On November 14th of this year, the London based co-ed duo Elephant released their Assembly EP.  I am pretty bummed I didn't catch wind of it sooner, it would've made for some great listening over the past month.  But considering it's December 14th now, I guess it's appropriate to give a shout out to Elephant today on the release's one month anniversary and celebrate the fact I can hear Assembly from here on out.  A reason for its draw is Amelia Rivas's inviting ethereal vocals, which for me is a big plus.  I am sucker for beautiful girl voices, and her smooth delivery works perfect with the synth-driven EP.  Behind each song is Elephant's philosophy, which states: "Songwriting and documentation should only be accomplished by the turn of the night, and should never leave the comfort and safety of the bedroom".  Sexual?  I don't know, but either way Elephant accomplish a warm atmosphere in their songs that does indeed sound comforting.  Check out "Assembly" below, and then head over to Bandcamp to grab to EP free o' charge. Peaaccceeee.




Monday, December 12, 2011

Summer Fiction

Many of the songs conceived by Bill Ricchini were done walking on the streets Philadelphia, usually heading home from the Tasker/Morris stop he'd regularly take.  En route, he would hum some melodies in his head and try to hang on to the particular arrangements to record when he returned.  Listening to Ricchini's work as the lead singer/songwriter for Summer Fiction, this method of creating those melodies only seems appropriate.  The self-titled debut album, Summer Fiction, is a light and jangly form of folk, harnessing inspiration from styles of '60s baroque pop.  For example, one of the instruments he uses to great effect is the harpsichord, a tool utilized frequently by such bands as The Zombies, The Beach Boys, and The Kinks to generate the happy, sunshine-injected ditties that made them popular in the first place.  These are the simple and relatable tunes that make it easy to stroll down a street and whistle...or hum.  In essence, Summer Fiction is a welcomed homage to what made music so great back then.  Check out some of the songs below, and then hit up the ol' Bandcamp for some downloads.  His homepage also has a lot of great updates, too.  Hope ya'll dig it!




Friday, December 9, 2011

Turn To Crime

The first 7 seconds of Turn To Crime's "I Can't Love" features a coarse drum section reminiscent of a brash lo-fi recording in someone's garage, a rugged style which may be tough to swallow for some people.  Therein lies the brilliance of the song, though; what initially may come across as harsh is effortlessly smoothed out with a definite bass-line, silky guitar riff, and clear vocals.  The raw drum sound becomes so absorbed with everything else that it fades into the song's subconscious, and you'll never realize that it continued for the entirety of the track.  Yet, the role of the percussion is key here, for it adds the necessary texture to tie the pieces together and give the song its character.  It paves the way for the ensuing instrumentation, ushering in the forthcoming haze.  In a way it reminds me of how the piano functions in LCD's "All My Friends".  What's also cool is how Turn To Crime mixes his songs to VHS, creating a "distinct sonic atmosphere and style" which aids in the fuzziness.  With these arrangements, "I Can't Love" finds itself nearing the label of psychedelic.  The effect has come with success, Turn To Crime has supported such acts like Zola Jesus, John Maus, and the influential '90s alt-rock band Sebadoh. Take a listen below, with a free download here.  Further downloads can be found at Bandcamp, where he's just released an album at the end of November.  Happy weekends everybody!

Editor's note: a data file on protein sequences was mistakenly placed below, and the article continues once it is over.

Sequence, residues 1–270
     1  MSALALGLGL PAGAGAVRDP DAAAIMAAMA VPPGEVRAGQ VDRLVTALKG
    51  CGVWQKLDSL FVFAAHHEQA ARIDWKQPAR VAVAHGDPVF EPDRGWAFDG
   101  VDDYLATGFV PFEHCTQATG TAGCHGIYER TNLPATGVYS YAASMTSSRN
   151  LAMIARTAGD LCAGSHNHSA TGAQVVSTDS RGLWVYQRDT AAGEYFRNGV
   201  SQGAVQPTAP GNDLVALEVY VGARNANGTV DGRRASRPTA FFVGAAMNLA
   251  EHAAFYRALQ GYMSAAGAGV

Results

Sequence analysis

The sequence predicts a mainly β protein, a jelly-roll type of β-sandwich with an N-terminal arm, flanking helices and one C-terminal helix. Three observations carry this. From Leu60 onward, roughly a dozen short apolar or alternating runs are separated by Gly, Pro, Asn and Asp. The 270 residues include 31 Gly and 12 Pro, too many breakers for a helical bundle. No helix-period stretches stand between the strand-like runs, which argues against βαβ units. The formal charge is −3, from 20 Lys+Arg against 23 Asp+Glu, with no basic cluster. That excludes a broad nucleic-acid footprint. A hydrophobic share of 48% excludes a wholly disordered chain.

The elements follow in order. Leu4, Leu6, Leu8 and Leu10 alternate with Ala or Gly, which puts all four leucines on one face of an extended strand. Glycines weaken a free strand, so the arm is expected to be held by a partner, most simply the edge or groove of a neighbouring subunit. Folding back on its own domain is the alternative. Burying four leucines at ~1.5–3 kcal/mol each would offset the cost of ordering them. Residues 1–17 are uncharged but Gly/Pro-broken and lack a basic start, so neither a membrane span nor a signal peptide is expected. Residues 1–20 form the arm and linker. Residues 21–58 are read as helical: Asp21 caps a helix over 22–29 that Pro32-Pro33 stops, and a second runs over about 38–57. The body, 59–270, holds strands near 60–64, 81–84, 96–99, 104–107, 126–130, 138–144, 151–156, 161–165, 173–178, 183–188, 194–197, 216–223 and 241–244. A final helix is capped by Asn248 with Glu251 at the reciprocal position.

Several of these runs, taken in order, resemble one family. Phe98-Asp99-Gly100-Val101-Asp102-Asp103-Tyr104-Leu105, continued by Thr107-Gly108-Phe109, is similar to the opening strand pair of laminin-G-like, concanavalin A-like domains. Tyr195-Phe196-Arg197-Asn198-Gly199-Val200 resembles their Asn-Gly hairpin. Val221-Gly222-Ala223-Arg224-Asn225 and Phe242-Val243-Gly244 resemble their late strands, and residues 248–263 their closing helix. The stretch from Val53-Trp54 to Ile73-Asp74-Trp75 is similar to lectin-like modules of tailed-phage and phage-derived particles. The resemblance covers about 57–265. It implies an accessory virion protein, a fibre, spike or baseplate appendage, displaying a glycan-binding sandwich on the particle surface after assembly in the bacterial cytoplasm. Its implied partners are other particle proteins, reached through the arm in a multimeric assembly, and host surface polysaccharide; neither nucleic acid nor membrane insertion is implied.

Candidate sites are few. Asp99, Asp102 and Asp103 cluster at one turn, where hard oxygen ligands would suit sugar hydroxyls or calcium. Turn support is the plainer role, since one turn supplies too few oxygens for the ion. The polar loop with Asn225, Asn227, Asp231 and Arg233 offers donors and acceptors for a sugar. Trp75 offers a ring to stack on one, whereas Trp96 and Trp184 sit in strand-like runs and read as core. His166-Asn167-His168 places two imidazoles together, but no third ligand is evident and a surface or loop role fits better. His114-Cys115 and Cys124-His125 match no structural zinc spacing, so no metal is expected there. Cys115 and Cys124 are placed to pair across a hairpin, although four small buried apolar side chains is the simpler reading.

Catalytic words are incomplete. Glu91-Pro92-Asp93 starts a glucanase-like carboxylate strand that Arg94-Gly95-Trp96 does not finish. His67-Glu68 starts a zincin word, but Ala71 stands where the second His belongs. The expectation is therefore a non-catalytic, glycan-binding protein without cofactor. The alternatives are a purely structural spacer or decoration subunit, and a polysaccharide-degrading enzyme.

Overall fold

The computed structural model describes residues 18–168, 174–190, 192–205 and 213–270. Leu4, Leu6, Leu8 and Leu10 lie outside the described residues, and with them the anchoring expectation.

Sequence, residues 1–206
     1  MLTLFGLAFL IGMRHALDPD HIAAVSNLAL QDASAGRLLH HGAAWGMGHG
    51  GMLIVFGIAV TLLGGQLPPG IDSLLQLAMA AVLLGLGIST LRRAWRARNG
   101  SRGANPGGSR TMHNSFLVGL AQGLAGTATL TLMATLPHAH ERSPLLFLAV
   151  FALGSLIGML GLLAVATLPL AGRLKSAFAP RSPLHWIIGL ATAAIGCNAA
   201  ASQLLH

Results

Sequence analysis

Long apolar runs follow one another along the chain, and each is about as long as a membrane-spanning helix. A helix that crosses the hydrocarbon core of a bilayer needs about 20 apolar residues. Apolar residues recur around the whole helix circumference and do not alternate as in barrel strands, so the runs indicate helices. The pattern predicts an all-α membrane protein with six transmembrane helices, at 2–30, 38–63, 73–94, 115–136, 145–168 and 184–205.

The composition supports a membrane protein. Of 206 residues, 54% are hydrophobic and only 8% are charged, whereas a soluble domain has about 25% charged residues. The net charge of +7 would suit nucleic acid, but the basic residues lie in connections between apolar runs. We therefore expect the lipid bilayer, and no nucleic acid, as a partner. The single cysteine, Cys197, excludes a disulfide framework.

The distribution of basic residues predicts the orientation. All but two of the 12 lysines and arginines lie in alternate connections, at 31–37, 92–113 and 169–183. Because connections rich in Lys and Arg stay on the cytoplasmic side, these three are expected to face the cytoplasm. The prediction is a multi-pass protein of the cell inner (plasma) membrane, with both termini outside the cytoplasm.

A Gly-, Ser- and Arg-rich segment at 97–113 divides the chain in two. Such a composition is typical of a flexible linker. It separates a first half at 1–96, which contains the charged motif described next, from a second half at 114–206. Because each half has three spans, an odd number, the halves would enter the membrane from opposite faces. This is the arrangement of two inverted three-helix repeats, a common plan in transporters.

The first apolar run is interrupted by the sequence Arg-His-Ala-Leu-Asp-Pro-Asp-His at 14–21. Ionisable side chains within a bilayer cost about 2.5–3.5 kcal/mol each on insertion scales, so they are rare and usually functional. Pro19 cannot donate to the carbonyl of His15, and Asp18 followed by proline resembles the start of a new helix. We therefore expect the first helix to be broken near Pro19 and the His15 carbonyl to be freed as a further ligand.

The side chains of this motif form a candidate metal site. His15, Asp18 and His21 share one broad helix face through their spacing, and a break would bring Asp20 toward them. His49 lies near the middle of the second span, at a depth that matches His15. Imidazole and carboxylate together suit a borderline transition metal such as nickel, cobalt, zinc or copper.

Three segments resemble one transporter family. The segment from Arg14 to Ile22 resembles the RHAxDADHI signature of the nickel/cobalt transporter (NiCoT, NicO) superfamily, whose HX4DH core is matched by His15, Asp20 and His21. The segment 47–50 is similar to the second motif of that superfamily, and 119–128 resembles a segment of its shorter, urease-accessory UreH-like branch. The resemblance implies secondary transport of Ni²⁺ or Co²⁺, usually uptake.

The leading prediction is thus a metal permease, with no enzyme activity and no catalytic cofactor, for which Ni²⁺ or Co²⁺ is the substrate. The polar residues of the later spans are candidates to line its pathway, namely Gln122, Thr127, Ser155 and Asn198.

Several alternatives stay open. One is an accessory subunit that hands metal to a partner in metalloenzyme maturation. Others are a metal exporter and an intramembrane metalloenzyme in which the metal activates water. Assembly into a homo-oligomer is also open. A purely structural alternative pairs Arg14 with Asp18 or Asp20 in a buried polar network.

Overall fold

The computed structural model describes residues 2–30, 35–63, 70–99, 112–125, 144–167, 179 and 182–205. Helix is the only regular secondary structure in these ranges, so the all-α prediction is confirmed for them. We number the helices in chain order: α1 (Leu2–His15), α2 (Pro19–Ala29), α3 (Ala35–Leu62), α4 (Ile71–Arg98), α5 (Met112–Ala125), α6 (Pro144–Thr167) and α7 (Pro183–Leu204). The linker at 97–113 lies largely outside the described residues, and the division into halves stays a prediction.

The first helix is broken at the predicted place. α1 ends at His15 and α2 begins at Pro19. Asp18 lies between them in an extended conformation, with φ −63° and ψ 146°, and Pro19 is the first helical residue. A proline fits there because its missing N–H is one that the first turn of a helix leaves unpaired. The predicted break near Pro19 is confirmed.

Wednesday, December 7, 2011

Work Drugs

Exactly 360 days ago, the glo-fi outfit Work Drugs sent me their debut single "Third Wave" to put on the blog.  Since that time, the band has grown way beyond the boundaries of Audio Splash into a much, much greater realm.  With months of hard work and an assortment of new material, their popularity has grown tremendously.  From a music fan's standpoint, their continuing success has been fantastic to witness.  So in the past year, what have Work Drugs been up to you may ask?  They released the EPs Tropic of Capricorn and Tropic of Cancer in support of their tour with Two Door Cinema Club, adopted some songs from the EPs to develop their first full length album Summer Blood, and also released their second LP Aurora Lies in the beginning of November. They also had shows at the WXPN World Cafe, the Trocadero, and the Popped Festival Pre-Party while opening for the likes of Memoryhouse and Peter, Bjorn & John. What's more is that they're working on yet another album over the winter and are currently planning an east coast tour for spring.  Well alllll righty then.  They're certainly not a lazy bunch!  And now, as a one year anniversary for when "Third Wave" first dropped, Work Drugs has been kind enough to send me the exclusive for their new track "Dirty Dreams".  The song is a collaboration with another up-and-coming Philadelphia artist Dylan Sieh (aka Tours), whose undeniably catchy and dreamy instrumentation became the basis for "Dirty Dreams".  The pairing is a perfect match, for Sieh's shimmering foundation creates a magnificent platform for which Work Drugs can experiment with new sounds and textures.  The result is simply awesome.  Be sure to take a listen to the brand new song "Dirty Dreams" below (which they also offer as a free download), and afterwards you can get a hold of their other work at their Bandcamp and catch any updates on their homepage. Facebook or Soundcloud work, too.  Hope you all enjoy it, and a special thanks to Work Drugs for sending over the song early!